Like all of us, Thomas Kinkade was a bad man. A sinful man. He wasn’t, however, a bad artist. But I’m no connoisseur. My distaste for his work was in the seemingly transformative influence it had upon American evangelicalism. Okay, “transformative” might be an overstatement. Nevertheless, Kinkade’s paintings, which depicted idyllic settings like gardens, streams, cottages, lighthouses, and Main Streets, steeped in pastels and dewy warmth, with appropriate Scriptural references, captured the zeitgeist of Christian Americana.
It was the “perfect” intersection of faith, art, and consumerism. Positive, inspiring, and mass-producible. Christian bookstores were Kinkadified, becoming glowing lighthouses and bucolic havens of Light and Safety for fellow travelers. Figurines and plaques bearing the “Kinkade glow” seemed to pop up everywhere, in our books, music, and clothing.The Kinkadification of Christianity had begun.
Shortly before his death, Kinkade claimed to be “America’s most-collected living artist.” No doubt, Christian consumers made this partly possible. But despite his popularity, he remained a critical pariah. One Salon columnist called Kinkade “The George Bush of art,” while Gregory Wolfe at Image Journal dubbed him “Painter of Lite.” Writes Wolfe:
Kinkade’s saccharin, soft-focus paintings of Cotswoldy cottages, glowing gardens, misty lighthouses, and quaint villages have been reproduced over ten million times, and now adorn not only people’s walls, but also La-Z-Boy recliners, screen savers, and coffee mugs all over the world. But Kinkade isn’t satisfied with his role as artist: he has invested his work with the aura of patriotism and the intentional language of a Christian missionary. When you buy one of his works, whether it is a mug or one of the mass-produced prints that are then “highlighted” by “trained master highlighters,” Kinkade wants you to believe that you are furthering the work of the Kingdom.
Indeed, Kinkade’s critics find two fronts against him: Art and Faith. Wolfe notes the “Christian missionary” approach Kinkade took. This is not something the artist would have denied. “My paintings are messengers of God’s love,” Kinkade once said. “My goal is to touch all people, to bring peace and joy into their lives through the images I create and I see my art as a ministry tool to share Jesus Christ with the masses.”
But seeing ‘art as a ministry tool” always has its problems, both from the angle of business and character. And Thomas Kinkade was bad at both.
From the L.A. Times obit:
In the last decade [Kinkade] had been locked in legal battles with former Thomas Kinkade Signature Gallery owners, some of whom accused him in lawsuits of trading heavily on his Christian beliefs even as he drove them to financial ruin.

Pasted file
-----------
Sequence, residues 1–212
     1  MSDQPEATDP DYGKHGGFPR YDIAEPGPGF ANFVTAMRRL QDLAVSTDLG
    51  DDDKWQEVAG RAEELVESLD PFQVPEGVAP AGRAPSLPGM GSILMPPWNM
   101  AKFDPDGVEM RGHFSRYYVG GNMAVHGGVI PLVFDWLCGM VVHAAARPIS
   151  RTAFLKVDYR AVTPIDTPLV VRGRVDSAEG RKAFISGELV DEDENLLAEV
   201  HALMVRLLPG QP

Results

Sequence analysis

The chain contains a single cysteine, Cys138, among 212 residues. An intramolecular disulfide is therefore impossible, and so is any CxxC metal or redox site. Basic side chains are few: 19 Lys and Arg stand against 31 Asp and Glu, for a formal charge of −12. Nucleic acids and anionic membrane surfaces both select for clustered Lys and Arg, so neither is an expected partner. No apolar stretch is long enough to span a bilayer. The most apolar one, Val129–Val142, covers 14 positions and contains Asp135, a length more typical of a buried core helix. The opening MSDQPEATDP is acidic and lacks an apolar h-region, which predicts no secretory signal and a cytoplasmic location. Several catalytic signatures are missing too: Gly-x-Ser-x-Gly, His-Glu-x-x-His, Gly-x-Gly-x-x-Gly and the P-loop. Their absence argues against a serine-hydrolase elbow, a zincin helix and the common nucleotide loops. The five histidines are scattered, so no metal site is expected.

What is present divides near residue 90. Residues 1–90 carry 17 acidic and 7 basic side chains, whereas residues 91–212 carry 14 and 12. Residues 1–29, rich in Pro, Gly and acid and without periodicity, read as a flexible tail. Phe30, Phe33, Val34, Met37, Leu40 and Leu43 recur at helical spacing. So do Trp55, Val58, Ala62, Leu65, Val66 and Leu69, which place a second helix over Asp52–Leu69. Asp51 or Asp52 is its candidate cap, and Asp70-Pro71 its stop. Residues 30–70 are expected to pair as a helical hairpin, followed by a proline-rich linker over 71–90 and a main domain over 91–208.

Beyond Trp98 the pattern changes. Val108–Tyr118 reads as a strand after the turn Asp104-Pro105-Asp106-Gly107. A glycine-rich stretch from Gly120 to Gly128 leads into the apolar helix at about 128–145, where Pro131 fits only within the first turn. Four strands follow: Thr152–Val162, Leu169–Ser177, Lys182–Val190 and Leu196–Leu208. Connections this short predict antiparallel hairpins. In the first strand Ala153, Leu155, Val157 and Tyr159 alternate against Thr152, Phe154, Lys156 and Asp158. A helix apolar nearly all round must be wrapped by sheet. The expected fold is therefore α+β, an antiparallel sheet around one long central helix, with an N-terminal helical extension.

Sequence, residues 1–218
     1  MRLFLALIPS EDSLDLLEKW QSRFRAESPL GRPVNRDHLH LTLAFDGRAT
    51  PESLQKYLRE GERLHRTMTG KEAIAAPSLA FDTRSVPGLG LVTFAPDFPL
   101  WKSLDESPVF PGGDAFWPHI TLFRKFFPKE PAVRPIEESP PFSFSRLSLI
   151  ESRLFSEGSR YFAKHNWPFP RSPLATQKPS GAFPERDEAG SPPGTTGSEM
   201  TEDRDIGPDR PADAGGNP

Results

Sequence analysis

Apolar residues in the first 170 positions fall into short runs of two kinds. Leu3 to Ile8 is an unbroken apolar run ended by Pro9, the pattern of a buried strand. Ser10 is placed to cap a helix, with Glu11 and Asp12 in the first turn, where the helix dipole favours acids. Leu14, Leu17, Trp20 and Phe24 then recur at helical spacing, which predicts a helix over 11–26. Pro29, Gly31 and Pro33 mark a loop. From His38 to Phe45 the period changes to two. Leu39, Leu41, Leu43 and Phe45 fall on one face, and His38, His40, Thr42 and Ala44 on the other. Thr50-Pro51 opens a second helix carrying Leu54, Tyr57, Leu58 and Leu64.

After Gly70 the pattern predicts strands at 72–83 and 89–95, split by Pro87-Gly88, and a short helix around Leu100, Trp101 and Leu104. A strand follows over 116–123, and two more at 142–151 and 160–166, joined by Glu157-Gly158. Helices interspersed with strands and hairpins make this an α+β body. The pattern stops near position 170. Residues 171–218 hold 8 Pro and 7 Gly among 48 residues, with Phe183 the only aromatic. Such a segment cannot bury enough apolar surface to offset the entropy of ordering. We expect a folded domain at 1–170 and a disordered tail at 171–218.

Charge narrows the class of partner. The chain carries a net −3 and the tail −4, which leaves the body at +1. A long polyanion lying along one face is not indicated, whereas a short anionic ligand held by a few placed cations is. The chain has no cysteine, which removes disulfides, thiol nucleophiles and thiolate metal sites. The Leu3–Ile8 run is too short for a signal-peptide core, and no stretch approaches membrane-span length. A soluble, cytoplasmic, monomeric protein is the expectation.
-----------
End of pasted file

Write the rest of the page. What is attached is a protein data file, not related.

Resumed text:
He had battled alcohol abuse, former business associates said in court records and interviews, and in 2010 his mug shot went viral after his arrest on a drunken driving charge to which he later pleaded no contest.
And for more than a year, Kinkade had been separated from his wife, Nanette, with whom he had four daughters.
Far worse stories about Thomas Kinkade abound. He was a sinful man. Surprisingly, many critics reveled in his misdeeds and have taken his death as an opportunity to remind us how much of a hack and schmuck he was. This is, in large part, due to his profession of faith. As it should be. Once we name the name of Christ we’re held to another standard, like it or not. Had Thomas Kinkade not claimed to be using his art to serve the Master, his conduct would not nearly be as scorned.
Like each and every Christian, Thomas Kinkade did not live up to the standard he professed.
This isn’t to justify Thomas Kikade’s art, faith, or business practices. If anything, Kinkade embodied the uncomfortable intersection of art and culture, the tenuous union of God and Mammon. Of course, had he used his talent for the “dark side,” and depicted blood and torture and feces, he would probably be heralded by the critics today. In choosing to be a “Painter of Light,” Kinkade brought a certain amount of criticism upon himself, as does any artist who proclaims to create for the Master.
Nevertheless, in some ways, Thomas Kinkade’s art illustrates what’s wrong with American evangelicalism — shallow, shiny, mass produced, kitsch. And the moral compromise often required to make it.
Clearly, Kinkade had his demons. He was seen as a bully, a drunk, a man prone to episodes of public disgrace, implicated in numerous financial misdeeds. But he also gave millions to charity, inspiration to many, and however misguided, sought to glorify God through his art. I can’t judge him. I don’t know his heart. His death saddens me. It’s also a sobering reminder of the cost — both artistically and morally — of claiming Christ, and the monsters waiting to devour those of us who do.
Rest in Peace, Thomas Kinkade